An essential biography of one of the Bible's most powerful and inspiring booksExodus is the second book of the Hebrew Bible, but it may rank first in lasting cultural importance.
It is here that the classic biblical themes of oppression and redemption, of human enslavement and divine salvation, are most dramatically expressed.
Joel Baden tells the story of this influential and enduring book, tracing how its famous account of the Israelites' journey to the promised land has been adopted and adapted for millennia, often in unexpected ways. Baden draws a distinction between the Exodus story and the book itself, which is one of the most multifaceted in the Bible, containing poems, law codes, rituals, and architectural plans.
He shows how Exodus brings together an array of oral and written traditions from the ancient Middle East, and how it came to be ritualized in the Passover Seder and the Eucharist.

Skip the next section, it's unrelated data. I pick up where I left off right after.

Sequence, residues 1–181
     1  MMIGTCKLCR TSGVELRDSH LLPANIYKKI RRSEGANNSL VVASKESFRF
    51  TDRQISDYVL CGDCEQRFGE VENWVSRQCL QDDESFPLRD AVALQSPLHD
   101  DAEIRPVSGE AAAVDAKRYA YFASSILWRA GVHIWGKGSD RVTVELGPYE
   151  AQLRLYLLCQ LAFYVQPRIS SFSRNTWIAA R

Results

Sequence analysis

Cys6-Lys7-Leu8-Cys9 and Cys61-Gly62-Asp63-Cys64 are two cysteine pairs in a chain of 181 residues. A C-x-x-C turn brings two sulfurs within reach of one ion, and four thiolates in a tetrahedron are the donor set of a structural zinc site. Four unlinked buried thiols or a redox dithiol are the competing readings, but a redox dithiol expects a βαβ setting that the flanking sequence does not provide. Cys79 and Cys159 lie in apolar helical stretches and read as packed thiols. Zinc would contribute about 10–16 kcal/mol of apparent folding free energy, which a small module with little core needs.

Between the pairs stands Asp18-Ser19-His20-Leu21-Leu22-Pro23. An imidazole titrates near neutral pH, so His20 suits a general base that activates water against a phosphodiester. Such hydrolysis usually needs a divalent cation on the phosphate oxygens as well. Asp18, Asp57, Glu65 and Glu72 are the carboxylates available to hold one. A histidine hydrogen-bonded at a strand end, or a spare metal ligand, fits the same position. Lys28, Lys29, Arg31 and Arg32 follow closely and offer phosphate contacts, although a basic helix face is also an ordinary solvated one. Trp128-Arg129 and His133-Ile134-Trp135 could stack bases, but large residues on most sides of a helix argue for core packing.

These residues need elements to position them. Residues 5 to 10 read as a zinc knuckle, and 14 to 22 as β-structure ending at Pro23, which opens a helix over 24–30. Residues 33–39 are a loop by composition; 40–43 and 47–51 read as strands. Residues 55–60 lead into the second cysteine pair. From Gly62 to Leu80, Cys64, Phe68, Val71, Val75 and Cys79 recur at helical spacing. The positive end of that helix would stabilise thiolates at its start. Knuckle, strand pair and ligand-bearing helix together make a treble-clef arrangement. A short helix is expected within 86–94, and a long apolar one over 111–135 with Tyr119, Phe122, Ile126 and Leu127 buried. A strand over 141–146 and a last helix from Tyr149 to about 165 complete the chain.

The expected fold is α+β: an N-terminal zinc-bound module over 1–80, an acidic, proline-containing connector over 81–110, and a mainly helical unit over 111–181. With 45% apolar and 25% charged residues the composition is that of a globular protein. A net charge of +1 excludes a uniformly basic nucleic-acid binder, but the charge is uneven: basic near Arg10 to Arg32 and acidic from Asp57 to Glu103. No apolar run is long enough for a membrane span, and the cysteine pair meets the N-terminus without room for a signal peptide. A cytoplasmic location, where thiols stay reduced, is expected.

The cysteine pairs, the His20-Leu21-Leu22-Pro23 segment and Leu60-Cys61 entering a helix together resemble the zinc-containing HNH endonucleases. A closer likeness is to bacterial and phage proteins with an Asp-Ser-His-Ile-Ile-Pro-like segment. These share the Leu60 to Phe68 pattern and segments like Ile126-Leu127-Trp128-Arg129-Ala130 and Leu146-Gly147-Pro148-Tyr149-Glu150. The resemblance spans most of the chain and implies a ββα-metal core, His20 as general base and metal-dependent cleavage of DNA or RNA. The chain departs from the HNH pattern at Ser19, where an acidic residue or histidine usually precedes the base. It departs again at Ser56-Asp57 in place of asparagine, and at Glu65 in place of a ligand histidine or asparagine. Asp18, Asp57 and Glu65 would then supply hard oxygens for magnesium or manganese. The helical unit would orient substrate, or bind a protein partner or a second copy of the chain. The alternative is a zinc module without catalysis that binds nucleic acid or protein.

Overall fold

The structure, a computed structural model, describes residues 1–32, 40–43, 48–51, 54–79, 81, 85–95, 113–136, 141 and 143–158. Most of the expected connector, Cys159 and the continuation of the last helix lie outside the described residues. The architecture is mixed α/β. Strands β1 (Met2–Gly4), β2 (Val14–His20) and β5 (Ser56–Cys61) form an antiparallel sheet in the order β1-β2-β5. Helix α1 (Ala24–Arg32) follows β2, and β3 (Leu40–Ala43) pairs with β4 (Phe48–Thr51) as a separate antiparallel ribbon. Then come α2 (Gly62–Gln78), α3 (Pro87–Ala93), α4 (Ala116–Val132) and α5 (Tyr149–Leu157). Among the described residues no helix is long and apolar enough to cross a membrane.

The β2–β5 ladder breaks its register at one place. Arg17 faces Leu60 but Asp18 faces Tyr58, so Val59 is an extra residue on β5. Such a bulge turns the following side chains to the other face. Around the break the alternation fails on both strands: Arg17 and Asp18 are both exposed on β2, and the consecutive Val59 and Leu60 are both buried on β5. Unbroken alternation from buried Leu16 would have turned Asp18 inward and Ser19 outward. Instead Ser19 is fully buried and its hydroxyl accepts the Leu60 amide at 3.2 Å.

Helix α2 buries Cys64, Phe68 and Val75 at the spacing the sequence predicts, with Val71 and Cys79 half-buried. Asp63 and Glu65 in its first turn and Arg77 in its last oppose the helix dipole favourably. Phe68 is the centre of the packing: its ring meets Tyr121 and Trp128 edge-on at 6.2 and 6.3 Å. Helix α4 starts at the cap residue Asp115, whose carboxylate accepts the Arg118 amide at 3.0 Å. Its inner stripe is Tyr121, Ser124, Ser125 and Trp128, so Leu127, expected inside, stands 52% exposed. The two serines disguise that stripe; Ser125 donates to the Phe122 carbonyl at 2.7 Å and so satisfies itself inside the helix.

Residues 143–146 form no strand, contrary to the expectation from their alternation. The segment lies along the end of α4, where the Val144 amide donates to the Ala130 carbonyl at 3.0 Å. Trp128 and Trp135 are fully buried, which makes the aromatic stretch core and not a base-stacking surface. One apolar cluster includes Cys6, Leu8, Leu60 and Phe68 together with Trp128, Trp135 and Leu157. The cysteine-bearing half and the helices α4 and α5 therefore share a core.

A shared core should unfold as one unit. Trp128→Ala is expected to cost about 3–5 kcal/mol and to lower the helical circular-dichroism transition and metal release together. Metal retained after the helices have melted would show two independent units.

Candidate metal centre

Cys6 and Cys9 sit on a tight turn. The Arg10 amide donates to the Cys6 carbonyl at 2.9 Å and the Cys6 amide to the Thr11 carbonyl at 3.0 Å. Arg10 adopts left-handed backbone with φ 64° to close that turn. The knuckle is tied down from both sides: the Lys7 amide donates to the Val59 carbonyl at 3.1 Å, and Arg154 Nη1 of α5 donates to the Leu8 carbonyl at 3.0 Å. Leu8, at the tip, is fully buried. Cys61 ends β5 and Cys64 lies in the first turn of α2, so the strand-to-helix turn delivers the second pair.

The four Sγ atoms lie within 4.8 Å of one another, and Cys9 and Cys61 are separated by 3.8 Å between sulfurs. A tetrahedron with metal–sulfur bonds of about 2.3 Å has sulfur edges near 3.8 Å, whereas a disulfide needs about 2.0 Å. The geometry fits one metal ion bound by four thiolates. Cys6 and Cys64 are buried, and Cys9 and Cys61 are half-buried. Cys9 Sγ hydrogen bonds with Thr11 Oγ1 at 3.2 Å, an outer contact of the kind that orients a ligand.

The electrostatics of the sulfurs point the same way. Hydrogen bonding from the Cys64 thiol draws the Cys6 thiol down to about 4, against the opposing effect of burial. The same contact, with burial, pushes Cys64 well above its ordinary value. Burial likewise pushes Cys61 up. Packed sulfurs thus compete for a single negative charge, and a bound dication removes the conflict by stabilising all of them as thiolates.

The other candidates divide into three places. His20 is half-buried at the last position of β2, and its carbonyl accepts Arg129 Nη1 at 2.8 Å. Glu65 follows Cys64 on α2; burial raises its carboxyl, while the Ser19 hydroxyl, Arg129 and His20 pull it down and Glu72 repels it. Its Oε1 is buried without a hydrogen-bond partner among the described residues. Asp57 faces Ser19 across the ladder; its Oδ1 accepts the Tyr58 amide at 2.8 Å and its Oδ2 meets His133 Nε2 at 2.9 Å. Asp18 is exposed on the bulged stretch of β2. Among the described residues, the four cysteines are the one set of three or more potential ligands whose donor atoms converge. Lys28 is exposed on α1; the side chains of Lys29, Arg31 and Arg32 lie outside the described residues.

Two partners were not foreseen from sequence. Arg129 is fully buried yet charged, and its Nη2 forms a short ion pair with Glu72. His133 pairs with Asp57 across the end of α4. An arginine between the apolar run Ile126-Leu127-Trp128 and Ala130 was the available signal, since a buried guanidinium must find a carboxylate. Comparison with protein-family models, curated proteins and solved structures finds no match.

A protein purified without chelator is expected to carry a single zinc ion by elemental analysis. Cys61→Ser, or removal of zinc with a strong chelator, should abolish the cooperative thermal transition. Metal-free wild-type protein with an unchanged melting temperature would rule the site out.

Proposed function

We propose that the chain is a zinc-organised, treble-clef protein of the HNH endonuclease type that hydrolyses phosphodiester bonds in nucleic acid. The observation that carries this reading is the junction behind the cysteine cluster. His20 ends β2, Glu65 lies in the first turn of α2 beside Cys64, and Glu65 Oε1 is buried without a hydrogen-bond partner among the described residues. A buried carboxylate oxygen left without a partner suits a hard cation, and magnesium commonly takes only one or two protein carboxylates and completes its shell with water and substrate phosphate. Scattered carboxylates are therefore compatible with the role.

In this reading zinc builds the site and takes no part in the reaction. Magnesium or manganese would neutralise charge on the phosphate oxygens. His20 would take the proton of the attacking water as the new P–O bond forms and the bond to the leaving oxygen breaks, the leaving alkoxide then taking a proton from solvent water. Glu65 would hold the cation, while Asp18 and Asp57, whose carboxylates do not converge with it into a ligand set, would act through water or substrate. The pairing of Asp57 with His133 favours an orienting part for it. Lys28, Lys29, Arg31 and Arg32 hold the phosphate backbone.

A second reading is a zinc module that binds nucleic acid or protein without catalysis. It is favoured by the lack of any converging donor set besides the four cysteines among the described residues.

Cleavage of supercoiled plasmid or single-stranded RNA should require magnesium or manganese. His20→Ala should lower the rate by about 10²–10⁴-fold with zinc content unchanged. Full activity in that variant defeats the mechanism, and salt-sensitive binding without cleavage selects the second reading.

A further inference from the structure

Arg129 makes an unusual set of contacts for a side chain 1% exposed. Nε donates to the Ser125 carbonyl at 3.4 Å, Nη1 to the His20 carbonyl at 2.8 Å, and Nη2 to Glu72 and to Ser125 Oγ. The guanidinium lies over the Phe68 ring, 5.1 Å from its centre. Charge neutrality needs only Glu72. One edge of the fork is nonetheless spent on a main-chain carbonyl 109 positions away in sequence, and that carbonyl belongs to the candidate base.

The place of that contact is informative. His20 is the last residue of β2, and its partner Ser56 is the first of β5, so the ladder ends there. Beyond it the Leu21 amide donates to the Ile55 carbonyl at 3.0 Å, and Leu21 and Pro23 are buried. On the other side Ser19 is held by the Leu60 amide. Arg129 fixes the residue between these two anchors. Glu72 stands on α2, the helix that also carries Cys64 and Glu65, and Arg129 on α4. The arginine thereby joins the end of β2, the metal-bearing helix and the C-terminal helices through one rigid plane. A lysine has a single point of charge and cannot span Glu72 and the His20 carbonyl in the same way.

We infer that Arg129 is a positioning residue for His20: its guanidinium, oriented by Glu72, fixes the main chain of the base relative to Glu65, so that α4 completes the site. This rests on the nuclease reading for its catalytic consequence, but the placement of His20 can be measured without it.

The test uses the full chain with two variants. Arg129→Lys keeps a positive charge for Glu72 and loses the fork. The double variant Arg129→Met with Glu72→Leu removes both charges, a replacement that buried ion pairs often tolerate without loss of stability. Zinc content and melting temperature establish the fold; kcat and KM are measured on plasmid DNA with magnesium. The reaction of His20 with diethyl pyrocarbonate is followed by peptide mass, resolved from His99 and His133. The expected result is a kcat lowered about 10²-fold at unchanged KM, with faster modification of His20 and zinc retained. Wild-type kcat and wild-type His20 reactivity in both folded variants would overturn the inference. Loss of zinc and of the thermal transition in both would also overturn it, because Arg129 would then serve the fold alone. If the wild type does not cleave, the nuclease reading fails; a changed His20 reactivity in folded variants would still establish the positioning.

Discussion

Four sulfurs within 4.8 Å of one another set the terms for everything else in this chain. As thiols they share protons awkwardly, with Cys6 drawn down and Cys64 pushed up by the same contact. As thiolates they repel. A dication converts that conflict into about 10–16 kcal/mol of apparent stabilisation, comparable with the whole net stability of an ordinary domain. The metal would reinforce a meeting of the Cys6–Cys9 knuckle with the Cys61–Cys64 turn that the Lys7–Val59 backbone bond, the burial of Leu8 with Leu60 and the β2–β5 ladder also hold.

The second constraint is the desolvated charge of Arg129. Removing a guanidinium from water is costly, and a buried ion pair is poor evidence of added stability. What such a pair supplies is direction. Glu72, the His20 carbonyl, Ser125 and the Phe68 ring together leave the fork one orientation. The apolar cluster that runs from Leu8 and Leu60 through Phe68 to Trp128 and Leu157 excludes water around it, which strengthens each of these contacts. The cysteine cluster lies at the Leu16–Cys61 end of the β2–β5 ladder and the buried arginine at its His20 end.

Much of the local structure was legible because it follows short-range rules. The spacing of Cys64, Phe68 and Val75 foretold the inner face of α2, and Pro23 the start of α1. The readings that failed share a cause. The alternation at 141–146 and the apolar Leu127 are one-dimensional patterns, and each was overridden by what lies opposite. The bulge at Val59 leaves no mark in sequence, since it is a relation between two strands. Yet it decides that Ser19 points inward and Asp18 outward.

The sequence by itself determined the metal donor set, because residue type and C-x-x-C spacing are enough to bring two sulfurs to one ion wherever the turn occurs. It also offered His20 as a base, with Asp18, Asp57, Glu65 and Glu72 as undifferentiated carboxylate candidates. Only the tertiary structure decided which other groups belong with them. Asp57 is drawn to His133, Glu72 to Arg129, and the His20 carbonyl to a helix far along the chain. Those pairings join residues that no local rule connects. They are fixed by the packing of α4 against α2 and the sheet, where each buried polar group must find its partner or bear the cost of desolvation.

Highlighting the remarkable resilience and flexibility of Exodus, Baden sheds light on how the bestowing of the Torah to Moses on Mount Sinai divided Jewish and Christian thinkers, on the importance of Exodus during the Reformation and the American Revolution, and on its uses in debates for and against slavery.
He also traces how the defining narrative of ancient Israel helped to define Mormon social identity, the American civil rights movement, and liberation theology. Though three thousand years old, the Exodus-as history, as narrative, as metaphor, as model-continues to be vitally important for us today.
Here is the essential biography of this incomparable spiritual masterpiece.